The keyhole-shaped kofun tomb of Japan’s Emperor Nintoku lies nestled in the bustling seaport of Sakai in an undated aerial photo. The fifth-century tomb is the largest in Japan.
Recently archaeologists were allowed inside the kofun tomb of Empress Jingu—the first time that scholars had been permitted inside a Japanese royal tomb outside of an official excavation. The rare visit offers experts hope that other closely guarded graves, including Nintoku’s, might soon be open to independent study.
Photograph by Yoichi Tsukioka/Getty Images
Tony McNicol in Tokyo
for National Geographic News April 28, 2008
A rare visit by archaeologists to a fifth-century imperial tomb offers hope that other closely guarded graves in Japan might soon be open to independent study.
This month a group of 16 experts led by the Japanese Archaeological Association released results from their February visit inside Gosashi tomb.
The event marked the first time that scholars had been allowed inside a royal tomb outside of an official excavation led by Japan’s Imperial Household Agency.
Archaeologists have been requesting access to Gosashi tomb and other imperial sites since 1976, in part because the tombs date to the founding of a central Japanese state under imperial rule.
But the agency has kept access to the tombs restricted, prompting rumors that officials fear excavation would reveal bloodline links between the “pure” imperial family and Korea—or that some tombs hold no royal remains at all.
Although the team’s visit didn’t lay any of those issues to rest, experts celebrated it as a first step toward expanded access to the mysterious tombs.
“The main achievement of the occasion was that for the first time we could enter to do [our own] research,” said Koji Takahashi, a Toyama University archaeologist and spokesperson for the group.
Gosashi tomb in western Japan’s Nara Prefecture is revered as the resting place of Empress Jingu, the semi-legendary wife of the country’s 14th emperor.
Jingu is thought to have ruled as regent for her son starting around A.D. 200.
During their two-and-a-half-hour visit, the team was allowed to explore the lower part of the 886-foot-long (270-meter-long) burial mound.
The archaeologists weren’t allowed to excavate, but they did find previously unknown terra cotta haniwa figures on the tomb’s eastern side. These funerary statues were believed to help tend to the elite after death.
In addition to overseeing Jingu’s tomb, the Imperial Household Agency looks after some 896 sites said to contain the remains of imperial family members.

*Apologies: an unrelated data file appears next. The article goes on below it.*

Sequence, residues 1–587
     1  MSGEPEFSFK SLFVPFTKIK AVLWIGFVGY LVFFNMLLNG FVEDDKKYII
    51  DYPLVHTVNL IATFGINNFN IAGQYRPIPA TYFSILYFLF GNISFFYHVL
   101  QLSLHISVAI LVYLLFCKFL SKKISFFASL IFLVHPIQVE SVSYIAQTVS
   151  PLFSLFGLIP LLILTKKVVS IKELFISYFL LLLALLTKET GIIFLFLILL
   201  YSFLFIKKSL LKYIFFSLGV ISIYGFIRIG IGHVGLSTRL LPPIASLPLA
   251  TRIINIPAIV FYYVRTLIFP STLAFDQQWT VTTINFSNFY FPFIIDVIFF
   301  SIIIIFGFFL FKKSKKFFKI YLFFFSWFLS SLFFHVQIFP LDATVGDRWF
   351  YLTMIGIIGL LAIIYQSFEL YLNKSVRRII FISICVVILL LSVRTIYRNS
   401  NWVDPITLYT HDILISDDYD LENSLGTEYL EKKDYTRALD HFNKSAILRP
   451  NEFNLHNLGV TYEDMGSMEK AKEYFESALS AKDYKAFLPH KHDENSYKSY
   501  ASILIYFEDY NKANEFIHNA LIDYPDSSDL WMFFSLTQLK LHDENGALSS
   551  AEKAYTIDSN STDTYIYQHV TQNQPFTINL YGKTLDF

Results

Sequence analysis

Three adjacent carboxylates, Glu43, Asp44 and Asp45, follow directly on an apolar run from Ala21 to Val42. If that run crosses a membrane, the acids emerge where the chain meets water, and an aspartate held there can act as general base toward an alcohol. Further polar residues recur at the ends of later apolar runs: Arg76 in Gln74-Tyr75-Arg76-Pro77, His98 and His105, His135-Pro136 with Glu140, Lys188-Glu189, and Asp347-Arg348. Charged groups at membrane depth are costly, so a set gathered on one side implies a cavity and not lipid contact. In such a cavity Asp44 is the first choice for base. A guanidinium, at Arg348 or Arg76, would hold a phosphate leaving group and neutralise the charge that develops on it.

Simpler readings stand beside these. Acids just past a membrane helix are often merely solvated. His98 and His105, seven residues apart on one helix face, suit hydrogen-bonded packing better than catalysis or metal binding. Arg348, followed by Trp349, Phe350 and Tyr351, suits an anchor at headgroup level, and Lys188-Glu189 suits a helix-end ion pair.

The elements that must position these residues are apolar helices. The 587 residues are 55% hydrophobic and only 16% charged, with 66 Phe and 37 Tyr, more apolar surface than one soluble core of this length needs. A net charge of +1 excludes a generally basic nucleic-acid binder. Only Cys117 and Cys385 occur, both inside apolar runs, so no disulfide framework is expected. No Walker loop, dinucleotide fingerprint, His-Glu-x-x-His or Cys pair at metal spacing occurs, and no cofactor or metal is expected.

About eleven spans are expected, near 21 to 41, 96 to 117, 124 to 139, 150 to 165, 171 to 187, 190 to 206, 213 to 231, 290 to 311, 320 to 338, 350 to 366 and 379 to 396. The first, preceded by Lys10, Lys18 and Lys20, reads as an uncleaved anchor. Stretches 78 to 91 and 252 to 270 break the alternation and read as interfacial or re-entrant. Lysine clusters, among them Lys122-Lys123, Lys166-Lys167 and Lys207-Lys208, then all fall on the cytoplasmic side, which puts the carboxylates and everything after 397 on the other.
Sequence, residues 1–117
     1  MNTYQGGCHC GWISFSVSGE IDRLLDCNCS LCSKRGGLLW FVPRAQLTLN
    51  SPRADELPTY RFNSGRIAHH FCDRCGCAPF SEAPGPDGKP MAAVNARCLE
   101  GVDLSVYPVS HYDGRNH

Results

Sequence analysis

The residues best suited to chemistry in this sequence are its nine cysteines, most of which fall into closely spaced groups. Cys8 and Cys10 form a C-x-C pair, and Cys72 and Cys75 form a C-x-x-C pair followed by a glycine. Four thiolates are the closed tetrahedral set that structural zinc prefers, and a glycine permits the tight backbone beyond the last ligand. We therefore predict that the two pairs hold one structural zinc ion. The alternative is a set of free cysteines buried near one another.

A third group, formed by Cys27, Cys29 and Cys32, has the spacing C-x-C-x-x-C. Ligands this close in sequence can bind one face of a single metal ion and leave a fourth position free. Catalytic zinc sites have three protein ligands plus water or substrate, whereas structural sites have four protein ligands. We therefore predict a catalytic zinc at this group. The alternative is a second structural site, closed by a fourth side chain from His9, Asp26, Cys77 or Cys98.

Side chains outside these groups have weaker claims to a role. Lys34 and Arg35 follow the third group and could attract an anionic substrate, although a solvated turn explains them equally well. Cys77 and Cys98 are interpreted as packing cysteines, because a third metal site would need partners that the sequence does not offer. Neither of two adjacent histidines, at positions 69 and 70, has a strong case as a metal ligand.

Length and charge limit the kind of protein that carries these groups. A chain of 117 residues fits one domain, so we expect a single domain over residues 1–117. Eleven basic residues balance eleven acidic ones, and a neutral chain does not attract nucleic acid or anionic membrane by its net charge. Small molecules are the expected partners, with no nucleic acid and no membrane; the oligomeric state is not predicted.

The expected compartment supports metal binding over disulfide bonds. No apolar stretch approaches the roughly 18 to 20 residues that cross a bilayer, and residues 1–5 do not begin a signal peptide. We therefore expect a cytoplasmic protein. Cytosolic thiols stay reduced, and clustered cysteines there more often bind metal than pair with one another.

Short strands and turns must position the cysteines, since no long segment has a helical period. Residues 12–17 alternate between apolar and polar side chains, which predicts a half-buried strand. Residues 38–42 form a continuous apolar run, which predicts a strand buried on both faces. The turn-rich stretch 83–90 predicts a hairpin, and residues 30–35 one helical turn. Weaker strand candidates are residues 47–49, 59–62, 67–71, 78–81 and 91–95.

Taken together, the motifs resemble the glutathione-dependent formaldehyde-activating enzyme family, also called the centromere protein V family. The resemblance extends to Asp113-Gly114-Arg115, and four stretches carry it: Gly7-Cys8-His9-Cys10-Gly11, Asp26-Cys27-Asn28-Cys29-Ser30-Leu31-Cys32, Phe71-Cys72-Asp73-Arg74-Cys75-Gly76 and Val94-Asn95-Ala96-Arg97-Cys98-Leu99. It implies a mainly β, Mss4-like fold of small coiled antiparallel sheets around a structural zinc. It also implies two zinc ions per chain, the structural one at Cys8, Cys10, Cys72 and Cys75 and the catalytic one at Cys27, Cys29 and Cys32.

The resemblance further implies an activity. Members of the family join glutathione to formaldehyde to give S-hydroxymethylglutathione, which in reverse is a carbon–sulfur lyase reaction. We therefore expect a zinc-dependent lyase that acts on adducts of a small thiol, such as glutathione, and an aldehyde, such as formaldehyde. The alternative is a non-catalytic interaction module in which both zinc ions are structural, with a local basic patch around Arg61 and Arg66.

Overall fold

Of those, around 70 are kofun tombs dating to before the seventh century. These keyhole-shaped mounds surrounded by moats are some of the largest and most historically important burial sites in Japan.
“It was during the Kofun period [in the third to seventh centuries A.D.] that the Japanese nation was established on the Japanese archipelago,” Takahashi said.
“The tombs hold the key to unlocking details of the Kofun period.”
While the Imperial Household Agency shares the results of its research, the agency has been reluctant to give independent archaeologists access.
In a fax to National Geographic News, the Imperial Household Agency’s Tombs and Mausolea Division wrote: “Imperial Household religious ceremonies continue to take place at tombs and mausolea. As they are objects of remembrance and veneration for the public and imperial family, preserving their peace and dignity is of paramount importance.”
The agency added that although they will consider further research requests, “excavation is not permitted.”
Takahashi, however, believes the agency is reluctant because excavation might threaten bureaucrats’ control over the tombs.
Of the oldest, most significant tombs under the agency’s jurisdiction, very few can realistically be proven to contain the remains of imperial family members, he said.
Nevertheless, the status of the tombs is all but set in stone. The last time that the agency changed an imperial tomb’s designation was in 1881.
Other experts have suggested that the hesitation is because courtiers and conservatives fear excavation will uncover blood ties between the supposedly pure Japanese imperial line and the Asian mainland, specifically Korea.
But Walter Edwards, professor of Japanese studies at Tenri University in Nara, argues that the “Korean bones” issue is a red herring.
“Blood links between Korea and the Japanese imperial family are documented from the eighth century,” he said.
“Even the current emperor [Akihito] has said that he has Korean ancestry.” Edwards suggests that the agency’s attitude has more to do with trying to maintain the imperial family’s dignity.
But faced with the costs of keeping up hundreds of sites, the reputedly cash-strapped Imperial Household Agency may eventually allow more access as a way to get more public funds, he suggested.
The agency may now try to handle the tombs as both national heritage sites and as private graves of the imperial family.
“The problem is how to strike a balance between the two,” Edwards said.
In the meantime, high on archaeologists’ wish list for access is the fifth-century tomb of Emperor Nintoku in Osaka Prefecture.
In the past the agency has refused access to the tomb on the grounds that the boat to cross its moat is too old and unsafe.
At 1,594 feet (486 meters) long, the mausoleum is the largest in Japan.
“[It is] almost as large as the biggest of the Great Pyramids [of Egypt] in volume,” Edwards said, “and like the latter it is a truly monumental work from the ancient period.”